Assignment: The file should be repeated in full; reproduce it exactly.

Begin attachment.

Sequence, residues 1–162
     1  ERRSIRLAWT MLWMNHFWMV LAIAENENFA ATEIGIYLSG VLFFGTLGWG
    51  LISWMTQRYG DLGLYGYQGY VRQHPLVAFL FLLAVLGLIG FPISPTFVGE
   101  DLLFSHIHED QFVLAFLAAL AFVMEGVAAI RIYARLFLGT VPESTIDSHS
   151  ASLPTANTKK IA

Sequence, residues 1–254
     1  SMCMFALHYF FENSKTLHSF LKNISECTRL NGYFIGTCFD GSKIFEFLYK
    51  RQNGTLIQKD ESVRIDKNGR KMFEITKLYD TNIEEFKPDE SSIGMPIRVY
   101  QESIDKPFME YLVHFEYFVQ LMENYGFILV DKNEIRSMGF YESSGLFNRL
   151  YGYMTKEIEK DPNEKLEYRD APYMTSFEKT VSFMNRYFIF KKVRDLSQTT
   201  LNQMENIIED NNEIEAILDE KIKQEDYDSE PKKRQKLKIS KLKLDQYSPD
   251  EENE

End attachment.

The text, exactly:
Sequence, residues 1–162
     1  ERRSIRLAWT MLWMNHFWMV LAIAENENFA ATEIGIYLSG VLFFGTLGWG
    51  LISWMTQRYG DLGLYGYQGY VRQHPLVAFL FLLAVLGLIG FPISPTFVGE
   101  DLLFSHIHED QFVLAFLAAL AFVMEGVAAI RIYARLFLGT VPESTIDSHS
   151  ASLPTANTKK IA

Sequence, residues 1–254
     1  SMCMFALHYF FENSKTLHSF LKNISECTRL NGYFIGTCFD GSKIFEFLYK
    51  RQNGTLIQKD ESVRIDKNGR KMFEITKLYD TNIEEFKPDE SSIGMPIRVY
   101  QESIDKPFME YLVHFEYFVQ LMENYGFILV DKNEIRSMGF YESSGLFNRL
   151  YGYMTKEIEK DPNEKLEYRD APYMTSFEKT VSFMNRYFIF KKVRDLSQTT
   201  LNQMENIIED NNEIEAILDE KIKQEDYDSE PKKRQKLKIS KLKLDQYSPD
   251  EENE